Chris Wolston’s Fetish Lights
One of the many great things about living in this post-Postmodern, cyber-gray area of the 2k10s, is that artists and designers can draw inspiration from pretty much any culture or period and come away with something new and exciting. There’s the brightly colored, geometric, “playful” route that has become so popular with today’s makers — and then there’s Brooklyn’s Chris Wolston. His approach to making is often from a primordial or primitive perspective, where senses of the handmade and the human spirit are easily discernable. Using design to comment on the current state of the visual arts, Wolston creates objects that mix age-old processes like sand-casting and brick-making with newer technologies like neon. This unique mixture of clean and graphic with the downright nitty-gritty is Wolston’s take on modern production techniques and the power of human intuition when applied to manual processes.
After receiving a Fulbright in 2013 that allowed him to investigate new and traditional ways of production in Colombia, Wolston was inspired to set up a second studio in Medellin to maintain and grow the relationships with artisans he had built during his year abroad. Collaborating with a local terracotta manufacturer is what led him to present a collection of ceramic furniture shown at last year’s Sight Unseen OFFSITE. At this year’s show, opening Friday, Wolston is back in full force, showcasing a series of sand-cast and neon sconces he’s appropriately deemed “Fetish Lights.” Read on to see what he has to say about operating studios on two different continents, what the creative climate is like in Colombia, and what he’s got planned for the coming year. What compelled you to set up a studio in Colombia?
I set up my studio in Medellin at the end of my Fulbright grant there last year. A large portion of my research leading up to that point had involved working with local manufacturers and artisans, documenting the material processes they employed and how the products being generated fit into the city’s larger material culture. Take, for example, the terracotta furniture I showed at OFFSITE last year. This work was part of a larger investigation into regional ceramic traditions in Antioquia, for which I surveyed a pre-Columbian ceramic archive, traditional hand-painted ceramic and artisanal cookware workshops, and industrial factories producing bricks for home construction. As my grant was nearing a close, I decided I had to maintain a workspace in Medellin, so I could continue working with the incredible contacts I had made in an environment I find continuously inspiring.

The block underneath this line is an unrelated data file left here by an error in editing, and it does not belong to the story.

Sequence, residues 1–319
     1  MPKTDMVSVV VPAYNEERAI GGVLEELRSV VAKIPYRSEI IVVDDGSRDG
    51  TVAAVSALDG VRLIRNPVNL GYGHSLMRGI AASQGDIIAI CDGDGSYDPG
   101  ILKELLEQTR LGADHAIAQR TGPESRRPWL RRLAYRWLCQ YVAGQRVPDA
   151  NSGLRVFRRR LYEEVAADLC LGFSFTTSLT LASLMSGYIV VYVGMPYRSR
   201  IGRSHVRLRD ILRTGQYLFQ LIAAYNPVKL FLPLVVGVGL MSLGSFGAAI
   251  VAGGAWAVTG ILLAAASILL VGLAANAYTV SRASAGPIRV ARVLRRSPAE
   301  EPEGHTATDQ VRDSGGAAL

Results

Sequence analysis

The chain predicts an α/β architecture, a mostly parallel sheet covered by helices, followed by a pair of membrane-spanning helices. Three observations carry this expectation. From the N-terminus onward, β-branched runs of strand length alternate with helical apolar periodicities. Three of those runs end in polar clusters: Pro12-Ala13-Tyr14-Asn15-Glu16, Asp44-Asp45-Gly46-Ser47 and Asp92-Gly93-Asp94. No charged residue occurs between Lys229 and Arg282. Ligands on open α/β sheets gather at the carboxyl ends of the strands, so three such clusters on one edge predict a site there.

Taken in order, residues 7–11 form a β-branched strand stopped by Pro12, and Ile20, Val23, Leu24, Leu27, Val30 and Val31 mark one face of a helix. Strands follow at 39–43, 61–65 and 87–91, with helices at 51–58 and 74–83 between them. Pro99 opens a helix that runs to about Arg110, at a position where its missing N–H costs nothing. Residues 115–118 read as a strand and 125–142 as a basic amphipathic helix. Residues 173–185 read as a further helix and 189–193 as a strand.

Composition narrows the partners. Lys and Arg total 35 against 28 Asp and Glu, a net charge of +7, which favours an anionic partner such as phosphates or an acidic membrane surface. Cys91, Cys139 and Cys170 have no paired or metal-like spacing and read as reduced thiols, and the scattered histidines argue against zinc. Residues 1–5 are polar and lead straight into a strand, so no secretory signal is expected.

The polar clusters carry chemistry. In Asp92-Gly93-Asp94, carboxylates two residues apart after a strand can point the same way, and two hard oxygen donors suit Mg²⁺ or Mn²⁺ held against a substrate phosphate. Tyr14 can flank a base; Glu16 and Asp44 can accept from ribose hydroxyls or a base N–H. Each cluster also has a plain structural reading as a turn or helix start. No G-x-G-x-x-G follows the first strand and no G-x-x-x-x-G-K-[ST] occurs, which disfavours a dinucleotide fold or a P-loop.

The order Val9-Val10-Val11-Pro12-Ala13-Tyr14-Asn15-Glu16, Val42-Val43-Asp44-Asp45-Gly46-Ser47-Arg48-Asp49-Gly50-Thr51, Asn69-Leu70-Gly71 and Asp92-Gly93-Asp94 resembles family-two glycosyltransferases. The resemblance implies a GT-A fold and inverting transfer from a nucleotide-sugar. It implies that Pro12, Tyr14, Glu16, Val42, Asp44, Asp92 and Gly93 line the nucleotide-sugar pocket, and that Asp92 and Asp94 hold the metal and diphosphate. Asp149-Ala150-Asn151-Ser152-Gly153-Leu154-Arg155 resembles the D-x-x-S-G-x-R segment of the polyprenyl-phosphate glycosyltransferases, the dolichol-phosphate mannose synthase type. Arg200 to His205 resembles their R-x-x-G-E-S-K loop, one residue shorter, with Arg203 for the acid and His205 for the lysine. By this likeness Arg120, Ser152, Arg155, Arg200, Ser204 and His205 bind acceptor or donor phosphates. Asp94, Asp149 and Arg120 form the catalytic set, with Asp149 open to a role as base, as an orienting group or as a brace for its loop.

And what inspired the Fetish Lights that you’ll be showing at Sight Unseen OFFSITE this year?
In Medellin, I witnessed them making bricks, and I found part of the process to be very surprising. There’s a part of the process where a guy down the line sticks his fingers into the wet unfired bricks to pick out rocks and any other debris inside the terracotta. Most people might be fixated on the horses that are hired to trample the clay, but this man’s intuitive, fast-paced hand was fascinating to me. Having studied glass, I wanted to find a way to translate this kind of energy into glass — a material you obviously can’t touch with your hand. That was the main jumping-off point for my newest series. It basically became about using a texture to create a whole form.
Now that they’re done I can see this odd dialogue with the aesthetic of so much else that’s happening in design. In a way, these things take some of the punch of Post-modernism but invite in craft and spontaneity. I see them as sconces that are dancing on the surprising angular rigidity of so much of the supposedly “fun” work I’ve been seeing.
Can you describe, in layman’s terms, the process behind the lights?
Fortunately, I don’t even have to use layman’s terms because they are literally MADE IN A SANDBOX! It’s sand mixed with a sticky bentonite clay. I press and poke to make the shape I want, sticking chunks of cold glass partway into the sand, then I brush molasses into the mold to keep the sand from sticking to the glass that will be poured in. Hot ladles of glass are dumped in, filling up the empty cavity. This is slowly cooled down and then gets dug out. It feels like Christmas each time I dig out a new one. The part you can see when you’re making it is the inside, and parts of the cold glass that will be visible are hidden — so the process forces you to be flexible and try to visualize something you can’t actually see.
Formally, these shapes exist somewhere between Keith Haring and African fetish objects. What context do you see them in?
I thought it would be great to show them in a design context like OFFSITE. It’s great that formally they’re anthropomorphic — like one foot is in art, one foot is in design, and maybe a giant cock is trailing into craft. I felt like I had to respond to how rigid I felt the recent Postmodernist revival has felt. I wanted to make an object that was punchy and fun in its finished form because each step of the way was a kind of instantaneous, dancing, no rules approach to making. As little glass men they felt like they lived between so many genres. I thought the neon would outline them and give them some boundaries, but instead of containing them, the outline ended up being more of a squirmy expression of their lack of concern!